Round sponsors ($125) can get a table of eight (regularly $240) for a total price of $350, a discount of $15.
VIPs can sponsor a round ($125) and get a table of eight (regularly $320) for a total price of $425, a discount of $20.
$250 Beverage Sponsors, $500 Gift Shop Sponsors, $5,000 Event Sponsors and $25,000 Matching Gift Sponsors also get either discounts or free tables.
Prizes will be awarded to the top three scoring tables. There also will be a silent auction, great door prizes, raffle prizes and a 50-50 raffle.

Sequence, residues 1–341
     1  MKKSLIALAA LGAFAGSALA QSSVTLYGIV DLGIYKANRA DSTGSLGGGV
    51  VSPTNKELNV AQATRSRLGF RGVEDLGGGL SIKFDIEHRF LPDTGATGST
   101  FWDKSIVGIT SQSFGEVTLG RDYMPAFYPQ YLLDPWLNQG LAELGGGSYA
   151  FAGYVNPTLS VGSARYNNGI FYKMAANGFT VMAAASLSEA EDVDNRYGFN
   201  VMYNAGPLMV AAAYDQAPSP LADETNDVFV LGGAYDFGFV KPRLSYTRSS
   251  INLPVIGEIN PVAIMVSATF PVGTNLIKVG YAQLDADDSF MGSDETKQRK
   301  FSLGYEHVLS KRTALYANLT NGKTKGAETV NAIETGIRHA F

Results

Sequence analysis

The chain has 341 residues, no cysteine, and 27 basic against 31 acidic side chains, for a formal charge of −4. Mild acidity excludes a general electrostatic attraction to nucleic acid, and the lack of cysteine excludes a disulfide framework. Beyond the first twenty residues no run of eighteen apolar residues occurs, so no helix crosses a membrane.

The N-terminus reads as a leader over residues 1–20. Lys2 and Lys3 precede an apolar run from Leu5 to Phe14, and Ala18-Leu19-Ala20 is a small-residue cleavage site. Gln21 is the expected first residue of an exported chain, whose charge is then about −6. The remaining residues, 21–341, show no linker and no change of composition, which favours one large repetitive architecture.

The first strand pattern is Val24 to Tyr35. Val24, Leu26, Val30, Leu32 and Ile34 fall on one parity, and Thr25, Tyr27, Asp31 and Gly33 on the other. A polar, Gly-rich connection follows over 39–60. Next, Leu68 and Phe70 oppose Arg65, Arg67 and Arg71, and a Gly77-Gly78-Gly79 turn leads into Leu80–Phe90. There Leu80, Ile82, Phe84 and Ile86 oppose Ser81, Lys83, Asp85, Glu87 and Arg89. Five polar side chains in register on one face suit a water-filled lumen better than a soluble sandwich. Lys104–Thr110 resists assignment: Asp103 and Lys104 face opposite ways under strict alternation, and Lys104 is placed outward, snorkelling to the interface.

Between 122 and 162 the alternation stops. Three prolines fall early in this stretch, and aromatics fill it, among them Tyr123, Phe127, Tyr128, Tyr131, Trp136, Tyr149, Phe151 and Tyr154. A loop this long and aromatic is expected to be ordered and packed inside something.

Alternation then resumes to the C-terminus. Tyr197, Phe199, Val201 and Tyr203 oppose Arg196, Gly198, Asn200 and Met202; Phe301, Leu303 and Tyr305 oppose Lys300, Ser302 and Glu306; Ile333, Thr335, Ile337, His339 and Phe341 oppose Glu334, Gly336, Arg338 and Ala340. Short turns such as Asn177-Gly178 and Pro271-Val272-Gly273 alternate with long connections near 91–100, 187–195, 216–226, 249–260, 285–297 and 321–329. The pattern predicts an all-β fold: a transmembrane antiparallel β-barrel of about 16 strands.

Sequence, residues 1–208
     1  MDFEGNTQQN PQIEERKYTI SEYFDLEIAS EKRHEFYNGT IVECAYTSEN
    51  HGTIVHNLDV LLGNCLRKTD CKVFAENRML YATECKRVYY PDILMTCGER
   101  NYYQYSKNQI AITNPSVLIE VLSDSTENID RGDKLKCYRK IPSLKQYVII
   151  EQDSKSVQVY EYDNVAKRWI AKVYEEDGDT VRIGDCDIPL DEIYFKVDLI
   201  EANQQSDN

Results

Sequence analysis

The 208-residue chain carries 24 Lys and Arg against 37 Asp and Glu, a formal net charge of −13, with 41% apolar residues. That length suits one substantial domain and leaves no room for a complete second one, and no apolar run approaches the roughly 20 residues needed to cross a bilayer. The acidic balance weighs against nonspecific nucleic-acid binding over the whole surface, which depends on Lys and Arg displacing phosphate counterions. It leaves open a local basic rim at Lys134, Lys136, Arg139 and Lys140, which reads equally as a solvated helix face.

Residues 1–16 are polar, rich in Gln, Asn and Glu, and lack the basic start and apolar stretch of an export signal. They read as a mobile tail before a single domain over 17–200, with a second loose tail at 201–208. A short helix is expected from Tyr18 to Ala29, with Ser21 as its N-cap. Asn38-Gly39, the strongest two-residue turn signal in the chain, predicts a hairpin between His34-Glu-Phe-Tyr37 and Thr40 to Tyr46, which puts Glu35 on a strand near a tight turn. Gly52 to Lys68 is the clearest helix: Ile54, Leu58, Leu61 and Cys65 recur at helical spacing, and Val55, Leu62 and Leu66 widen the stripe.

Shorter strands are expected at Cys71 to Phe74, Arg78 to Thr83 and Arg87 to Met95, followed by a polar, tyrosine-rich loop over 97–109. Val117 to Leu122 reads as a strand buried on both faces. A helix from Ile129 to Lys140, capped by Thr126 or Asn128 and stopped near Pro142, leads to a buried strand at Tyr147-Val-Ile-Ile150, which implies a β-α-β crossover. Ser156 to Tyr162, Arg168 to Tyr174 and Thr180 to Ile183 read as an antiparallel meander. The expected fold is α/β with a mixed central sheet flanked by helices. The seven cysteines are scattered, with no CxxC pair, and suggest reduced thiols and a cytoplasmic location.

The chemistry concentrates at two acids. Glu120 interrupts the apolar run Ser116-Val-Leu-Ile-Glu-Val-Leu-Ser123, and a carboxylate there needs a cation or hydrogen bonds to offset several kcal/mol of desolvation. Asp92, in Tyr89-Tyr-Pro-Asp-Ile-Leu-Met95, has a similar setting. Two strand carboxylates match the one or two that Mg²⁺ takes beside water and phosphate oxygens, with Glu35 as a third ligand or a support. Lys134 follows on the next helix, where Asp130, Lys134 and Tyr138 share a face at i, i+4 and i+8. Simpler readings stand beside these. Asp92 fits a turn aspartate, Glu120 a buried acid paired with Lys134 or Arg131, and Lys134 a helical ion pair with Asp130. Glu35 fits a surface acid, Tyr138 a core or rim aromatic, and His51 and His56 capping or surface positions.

Please call 636-938-9306 or send in this form to make reservations or to discuss sponsorship opportunities. This event usually sells out, so don’t delay in making reservations.
Dear Friends of the Endangered Wolf Center,
I decided to get inspired while writing this article by going outside. Sitting with the warm sun on my face, a cool autumn breeze, birds singing and leaves rustling gives me a sense of clarity and calmness that I find difficult to obtain when at a desk under fluorescent lights.
I am saddened that as a society we have to label what once was an everyday activity for most of America’s children 30 years ago; going outside and digging in the dirt, making forts and catching lightning bugs is now called “nature play.”
The Endangered Wolf Center offers many opportunities to get back into nature. Our educational programs allow both adults and children to become intimate again with nature to heighten all five senses.